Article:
The correlation of amphiphysin antibodies with AE remains unclear. One retrospective study showed that only 1 out of 61 people (1.64%) with AE tested positive for the presence of amphiphysin antibodies[8].

    ANNA-1 autoantibodies

    Type 1 antineuronal nuclear autoantibody, also known as ANNA-1, is an antibody to a regulatory neuronal RNA-binding protein. There is a well-documented correlation between the presence of these autoantibodies and paraneoplastic syndromes, including SCLC, with one study finding that 88% of patients with SCLC were seropositive for ANNA-1[104]. In addition, a wide range of neurologic disabilities have been described in the literature in patients with paraneoplastic encephalomyelitis and anti-Hu antibodies, including sensory neuropathy, cerebellar ataxia, and LE[105].

    There is the possibility of a connection between ANNA-1-associated paraneoplastic disorders and epilepsy with case reports of clinical and EEG findings consistent with epilepsia partialis continua[106]. One retrospective study indicates that nearly half of ANNA-1 antibody-positive patients exhibited extratemporal EEG abnormalities, including slowing (43%) and epileptiform (29%) discharges, and epilepsia partialis continua (7%)[107].

    CRMP-5 antibodies

    Collapsin response mediator protein-5 (CRMP-5) is one of five proteins in the CRMP family, which is believed to play a role in neurologic development. Although normally downregulated in adult brains, elevation of CRMP-5 levels in adults has been extensively studied and found to be inherently correlated with the incidence of SCLC, thymomas, chorea, cranial neuropathy, peripheral neuropathy, autonomic neuropathy, cerebellar ataxia, dementia, and neuromuscular junction disorders[108-110]. Other less common but nevertheless documented associations of autoantibodies to CRMP-5 are paraneoplastic associated basal ganglionitis and encephalitis[111] and perioptic neuritis[112].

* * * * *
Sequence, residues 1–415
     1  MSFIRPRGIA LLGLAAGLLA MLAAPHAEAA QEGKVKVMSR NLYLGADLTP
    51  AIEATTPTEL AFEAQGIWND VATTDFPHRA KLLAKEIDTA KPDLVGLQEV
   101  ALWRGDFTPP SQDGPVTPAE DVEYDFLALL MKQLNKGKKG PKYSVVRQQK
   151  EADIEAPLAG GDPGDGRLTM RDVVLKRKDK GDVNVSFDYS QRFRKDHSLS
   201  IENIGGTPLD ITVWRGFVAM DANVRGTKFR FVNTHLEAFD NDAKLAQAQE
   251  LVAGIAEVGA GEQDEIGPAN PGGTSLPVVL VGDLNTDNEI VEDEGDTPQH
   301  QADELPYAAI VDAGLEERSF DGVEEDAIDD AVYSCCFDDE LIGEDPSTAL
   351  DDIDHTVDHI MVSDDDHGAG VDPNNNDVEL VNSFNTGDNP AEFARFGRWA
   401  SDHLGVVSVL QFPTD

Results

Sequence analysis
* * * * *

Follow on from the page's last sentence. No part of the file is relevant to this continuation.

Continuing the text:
One mutational analysis study showed that C-terminal processing of CRMP-5 activates a nuclear localization signal that allows for nuclear translocation of the protein and thus pathologic predisposition to glioblastoma[113].

    The association between CRMP-5 autoimmunity and AE is not commonly reported. However, two patients with positive titers for anti-CRMP-5 antibodies with documented seizure histories and characteristic EEG findings both achieved seizure improvement or seizure freedom after IV methylprednisolone treatment[1].

    GAD65 autoantibodies

    Glutamic acid decarboxylase (GAD65), a synaptic vesicle-associated antigen, is responsible for the enzymatic conversion of glycine to gamma aminobutyric acid (GABA). Elevations in GAD65 autoantibodies are commonly seen in patients with T1D and are associated with other pathologies including SPS[114], cerebellar ataxia, LE, extrapyramidal symptoms[115], paraneoplastic neurologic syndromes[116], and epilepsy[117-119].

    There have been attempts to tease out the subtle differences between GAD65 antibody elevations in patients with T1D and those with elevations due to other neurologic symptoms. One distinct characteristic between the two is that if anti-GAD65 titers are significantly elevated, patients are more likely to present with concomitant neurologic syndromes in addition to T1D[120]. Another distinction was the disease-specific GAD65 antibody epitope patterns between T1D, epilepsy, and SPS, with the suggestion that the epileptic etiology in patients diagnosed with both T1D and epilepsy may have distinctly different etiologies with regard to their epileptic condition[120].

    Neuroimaging in GAD65-associated epileptic conditions have revealed disproportionate parenchymal atrophy for age with associated abnormal cortical/subcortical T2 hyperintensities[121].

    Although there are cases of treatment for GAD-associated AE ranging from cyclophosphamide[122] to testosterone replacement therapy[123], overall immunotherapy is poor[124].